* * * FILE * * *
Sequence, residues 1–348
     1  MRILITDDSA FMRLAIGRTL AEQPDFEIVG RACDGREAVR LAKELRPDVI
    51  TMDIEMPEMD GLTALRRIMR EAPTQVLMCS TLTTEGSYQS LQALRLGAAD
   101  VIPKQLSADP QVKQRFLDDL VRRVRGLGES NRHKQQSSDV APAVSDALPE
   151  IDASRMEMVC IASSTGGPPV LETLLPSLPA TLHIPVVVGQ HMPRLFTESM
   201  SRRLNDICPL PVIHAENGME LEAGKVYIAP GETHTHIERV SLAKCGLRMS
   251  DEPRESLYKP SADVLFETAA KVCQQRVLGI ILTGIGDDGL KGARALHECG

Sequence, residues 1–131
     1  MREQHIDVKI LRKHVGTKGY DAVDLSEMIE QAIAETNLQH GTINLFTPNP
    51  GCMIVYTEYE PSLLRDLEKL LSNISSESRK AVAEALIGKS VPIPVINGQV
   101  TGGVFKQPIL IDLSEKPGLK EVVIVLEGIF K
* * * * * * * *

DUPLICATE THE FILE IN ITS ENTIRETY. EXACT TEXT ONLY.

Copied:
Sequence, residues 1–348
     1  MRILITDDSA FMRLAIGRTL AEQPDFEIVG RACDGREAVR LAKELRPDVI
    51  TMDIEMPEMD GLTALRRIMR EAPTQVLMCS TLTTEGSYQS LQALRLGAAD
   101  VIPKQLSADP QVKQRFLDDL VRRVRGLGES NRHKQQSSDV APAVSDALPE
   151  IDASRMEMVC IASSTGGPPV LETLLPSLPA TLHIPVVVGQ HMPRLFTESM
   201  SRRLNDICPL PVIHAENGME LEAGKVYIAP GETHTHIERV SLAKCGLRMS
   251  DEPRESLYKP SADVLFETAA KVCQQRVLGI ILTGIGDDGL KGARALHECG

Sequence, residues 1–131
     1  MREQHIDVKI LRKHVGTKGY DAVDLSEMIE QAIAETNLQH GTINLFTPNP
    51  GCMIVYTEYE PSLLRDLEKL LSNISSESRK AVAEALIGKS VPIPVINGQV
   101  TGGVFKQPIL IDLSEKPGLK EVVIVLEGIF K